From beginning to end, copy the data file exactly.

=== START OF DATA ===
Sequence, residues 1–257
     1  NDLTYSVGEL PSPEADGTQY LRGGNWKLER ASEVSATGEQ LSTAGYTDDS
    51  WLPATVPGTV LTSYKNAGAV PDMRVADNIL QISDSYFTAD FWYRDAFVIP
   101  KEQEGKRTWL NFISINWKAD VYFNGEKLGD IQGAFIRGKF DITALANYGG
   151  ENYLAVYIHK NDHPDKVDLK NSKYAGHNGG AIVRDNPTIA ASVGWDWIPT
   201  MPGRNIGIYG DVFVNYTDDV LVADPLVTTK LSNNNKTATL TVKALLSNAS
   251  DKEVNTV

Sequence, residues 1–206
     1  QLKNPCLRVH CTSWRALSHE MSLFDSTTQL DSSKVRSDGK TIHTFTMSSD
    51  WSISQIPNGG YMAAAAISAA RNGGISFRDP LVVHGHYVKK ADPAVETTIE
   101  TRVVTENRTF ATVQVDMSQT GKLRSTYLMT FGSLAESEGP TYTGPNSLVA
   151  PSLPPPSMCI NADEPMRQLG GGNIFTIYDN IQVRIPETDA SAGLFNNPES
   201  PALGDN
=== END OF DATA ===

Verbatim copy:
Sequence, residues 1–257
     1  NDLTYSVGEL PSPEADGTQY LRGGNWKLER ASEVSATGEQ LSTAGYTDDS
    51  WLPATVPGTV LTSYKNAGAV PDMRVADNIL QISDSYFTAD FWYRDAFVIP
   101  KEQEGKRTWL NFISINWKAD VYFNGEKLGD IQGAFIRGKF DITALANYGG
   151  ENYLAVYIHK NDHPDKVDLK NSKYAGHNGG AIVRDNPTIA ASVGWDWIPT
   201  MPGRNIGIYG DVFVNYTDDV LVADPLVTTK LSNNNKTATL TVKALLSNAS
   251  DKEVNTV

Sequence, residues 1–206
     1  QLKNPCLRVH CTSWRALSHE MSLFDSTTQL DSSKVRSDGK TIHTFTMSSD
    51  WSISQIPNGG YMAAAAISAA RNGGISFRDP LVVHGHYVKK ADPAVETTIE
   101  TRVVTENRTF ATVQVDMSQT GKLRSTYLMT FGSLAESEGP TYTGPNSLVA
   151  PSLPPPSMCI NADEPMRQLG GGNIFTIYDN IQVRIPETDA SAGLFNNPES
   201  PALGDN